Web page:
To make sure consumers know what they're getting into, the manufacturers of this stuff should be required to say exactly how many bottles a day are required to maintain the advertised results. Yes, a big black sticker that says, "It is required that you drink 10 bottles a day of this stuff to get the advertised result." That way a consumer understands it will take $50 per day (if it actually takes 10 bottles daily to get the result) or $1,500 per month to get the same result that, say, you could get from an $8 bottle of skin moisturizer.

Scientists Stunned by Activity in Ancient Galaxy

Using an all-star lineup of telescopes (Hubble, Spitzer, Keck and others), astronomers studying a very, very distant galaxy are making some surprising findings. First, it's the brightest starburst-class galaxy discovered.

a NASA press release claims at 12.3 billion light-years away it's the most distant galaxy ever found (however, last year, Pound360 heard astronomers had found a galaxy 13 billion light years away… but what's a few hundred million light years at these distances, right?). Since the universe is only 13.7 billion years old, astronomers are observing activity just 1.2 billion years after the Big Bang.

As if all that weren’t enough, this galaxy is cranking out stars like nothing scientists have ever seen: 4,000 per year. Our galaxy only makes 10 stars per year. At the rate of 4,000 stars per year, the distant galaxy would reach the size of "the most massive ones we see today" in just 50 million years (a blink on the cosmic timescale).

The rate of star formation forces us to rethink what we know about how galaxies form. Conventional wisdom suggested galaxies grow by absorbing other, smaller galaxies (or stealing parts of bigger ones). But if galaxies can grow at 4,000 stars per year, they don't need to absorb anything to reach the sizes we're observing out there.

(Image courtesy NASA. And we have no idea what it is. It was in the press release so we thought we'd toss it in.)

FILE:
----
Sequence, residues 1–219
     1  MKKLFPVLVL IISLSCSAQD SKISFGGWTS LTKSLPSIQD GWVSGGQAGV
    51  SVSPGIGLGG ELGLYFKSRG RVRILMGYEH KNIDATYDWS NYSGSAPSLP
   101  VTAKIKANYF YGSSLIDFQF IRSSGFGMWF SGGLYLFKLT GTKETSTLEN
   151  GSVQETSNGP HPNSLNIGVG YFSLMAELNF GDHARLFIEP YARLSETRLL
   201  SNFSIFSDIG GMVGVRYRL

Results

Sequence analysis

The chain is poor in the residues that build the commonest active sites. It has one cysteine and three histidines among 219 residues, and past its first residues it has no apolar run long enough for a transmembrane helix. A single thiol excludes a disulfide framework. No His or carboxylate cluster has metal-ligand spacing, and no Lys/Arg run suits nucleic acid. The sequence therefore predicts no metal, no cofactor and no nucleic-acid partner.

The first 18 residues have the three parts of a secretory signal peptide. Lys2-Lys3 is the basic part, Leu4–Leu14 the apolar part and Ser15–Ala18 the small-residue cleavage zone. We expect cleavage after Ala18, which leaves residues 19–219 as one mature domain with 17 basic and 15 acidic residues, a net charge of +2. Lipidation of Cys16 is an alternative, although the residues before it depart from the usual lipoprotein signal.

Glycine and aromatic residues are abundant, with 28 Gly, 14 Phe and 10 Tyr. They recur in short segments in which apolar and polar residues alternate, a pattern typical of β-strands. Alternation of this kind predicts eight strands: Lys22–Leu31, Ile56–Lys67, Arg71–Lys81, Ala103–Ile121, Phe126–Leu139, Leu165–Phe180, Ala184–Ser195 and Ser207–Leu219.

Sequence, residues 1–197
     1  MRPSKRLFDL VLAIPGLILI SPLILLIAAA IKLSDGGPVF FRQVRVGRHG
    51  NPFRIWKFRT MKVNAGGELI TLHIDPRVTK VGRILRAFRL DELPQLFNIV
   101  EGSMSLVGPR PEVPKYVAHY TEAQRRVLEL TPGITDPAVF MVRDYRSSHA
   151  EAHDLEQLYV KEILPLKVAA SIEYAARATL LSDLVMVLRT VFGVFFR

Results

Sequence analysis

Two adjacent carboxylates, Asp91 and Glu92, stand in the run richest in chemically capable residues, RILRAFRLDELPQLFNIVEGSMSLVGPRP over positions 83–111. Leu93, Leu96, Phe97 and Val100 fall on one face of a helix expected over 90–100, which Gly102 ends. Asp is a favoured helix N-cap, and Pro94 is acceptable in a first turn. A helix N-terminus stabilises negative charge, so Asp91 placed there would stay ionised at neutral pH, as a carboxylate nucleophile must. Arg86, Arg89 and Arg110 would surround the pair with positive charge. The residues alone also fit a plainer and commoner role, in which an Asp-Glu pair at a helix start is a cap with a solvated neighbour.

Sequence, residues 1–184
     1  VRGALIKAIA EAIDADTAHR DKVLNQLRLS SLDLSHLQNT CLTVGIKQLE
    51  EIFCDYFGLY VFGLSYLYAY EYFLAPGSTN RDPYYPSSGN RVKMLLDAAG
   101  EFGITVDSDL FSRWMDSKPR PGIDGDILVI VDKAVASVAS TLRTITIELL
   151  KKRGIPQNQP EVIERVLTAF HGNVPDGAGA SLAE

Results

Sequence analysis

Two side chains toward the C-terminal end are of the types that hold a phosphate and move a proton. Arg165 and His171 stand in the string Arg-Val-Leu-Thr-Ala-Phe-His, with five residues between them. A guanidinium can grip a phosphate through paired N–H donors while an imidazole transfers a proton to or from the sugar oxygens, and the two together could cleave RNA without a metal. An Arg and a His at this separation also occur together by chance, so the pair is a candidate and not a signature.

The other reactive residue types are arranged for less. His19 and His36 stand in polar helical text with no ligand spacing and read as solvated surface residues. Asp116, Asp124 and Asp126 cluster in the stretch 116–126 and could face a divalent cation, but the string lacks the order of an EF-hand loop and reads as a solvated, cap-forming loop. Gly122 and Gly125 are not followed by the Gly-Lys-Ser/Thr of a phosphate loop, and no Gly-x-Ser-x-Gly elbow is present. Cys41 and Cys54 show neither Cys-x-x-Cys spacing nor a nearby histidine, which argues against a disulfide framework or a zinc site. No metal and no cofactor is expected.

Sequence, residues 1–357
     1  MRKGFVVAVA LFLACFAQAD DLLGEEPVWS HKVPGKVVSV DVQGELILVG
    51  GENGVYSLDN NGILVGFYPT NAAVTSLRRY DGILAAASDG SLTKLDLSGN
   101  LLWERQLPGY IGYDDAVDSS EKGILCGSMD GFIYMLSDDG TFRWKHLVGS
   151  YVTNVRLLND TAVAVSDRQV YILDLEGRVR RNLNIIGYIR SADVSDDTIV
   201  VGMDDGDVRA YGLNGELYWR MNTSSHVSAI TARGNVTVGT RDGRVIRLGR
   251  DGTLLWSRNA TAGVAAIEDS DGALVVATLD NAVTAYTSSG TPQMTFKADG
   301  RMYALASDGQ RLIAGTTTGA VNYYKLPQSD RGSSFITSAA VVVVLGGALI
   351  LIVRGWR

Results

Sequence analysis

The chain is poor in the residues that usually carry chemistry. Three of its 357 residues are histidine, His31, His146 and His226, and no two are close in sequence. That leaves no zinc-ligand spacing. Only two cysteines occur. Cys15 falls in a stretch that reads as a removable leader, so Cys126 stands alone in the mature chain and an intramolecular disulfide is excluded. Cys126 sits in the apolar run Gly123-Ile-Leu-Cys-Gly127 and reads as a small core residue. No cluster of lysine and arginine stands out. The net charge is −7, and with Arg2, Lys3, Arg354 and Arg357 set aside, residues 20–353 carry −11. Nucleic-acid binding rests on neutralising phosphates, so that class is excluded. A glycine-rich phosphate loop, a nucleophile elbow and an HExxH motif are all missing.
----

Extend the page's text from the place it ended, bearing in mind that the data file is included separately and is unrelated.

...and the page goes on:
Tuesday, July 15, 2008

Govt. Calculation for Value of Life Falls… Again

When considering regulations, the government assigns a value to individual human lives to weigh the costs (how much it will take to enforce a regulation) and benefits (the combined value of all the lives saved). The value of an individual is determined by the EPA, and it’s fallen steadily from around $8 million in 2001 to $6.9 million this year, reports MSNBC.

Pound360 personally feels like a million bucks. Usually does. So we were pretty thrilled to hear we were worth seven-times that! But that’s neither here-nor-there…

Talk about adding insult to injury. Thanks EPA. As if it weren’t bad enough that housing prices are crashing, the stock market is in free fall, gas prices are up and it costs more to buy a sack of groceries.

Could the falling value of an American have anything to do with the falling value of the dollar? Maybe it’s the president who’s been in office since 2000?

"Some environmentalists accuse the Bush administration of changing the value to avoid tougher rules,” reports MSNBC.

The EPA gets their number from economists that “calculate the value based on what people are willing to pay to avoid certain risks, and on how much extra employers pay their workers to take on additional risks.”

Here's Why Pears Rot Faster than Apples

Pears and apples seem similar enough. Compared to an orange or banana, pears and apples have a similar texture, taste kind of the same, have the same kind of skin and so on.

So why do pears rot so much faster? The biggest difference between the two, at first glance, is the shape. But that has nothing to do with it. It's all about the microscopic structure the fruits use to move oxygen from skin to core,
according to a report at the BBC.

Using a "giant X-ray machine able to resolve features down to and below a thousandth of a millimeter," researchers found pears use a smooth network of channels whereas apples have "irregular cavities" used to pass oxygen around. Apples have "much less water… to slow the penetration of gas," too.

Monday, July 14, 2008

Global Warming Plagues Ocean's Precious Coral

As atmospheric CO2 levels skyrocket, ocean water is warmer (by almost two degrees) and more acidic (30 percent more), and that's killing coral, reports the Nightly News.

According to the report, "One third of corals face extinction by 2050."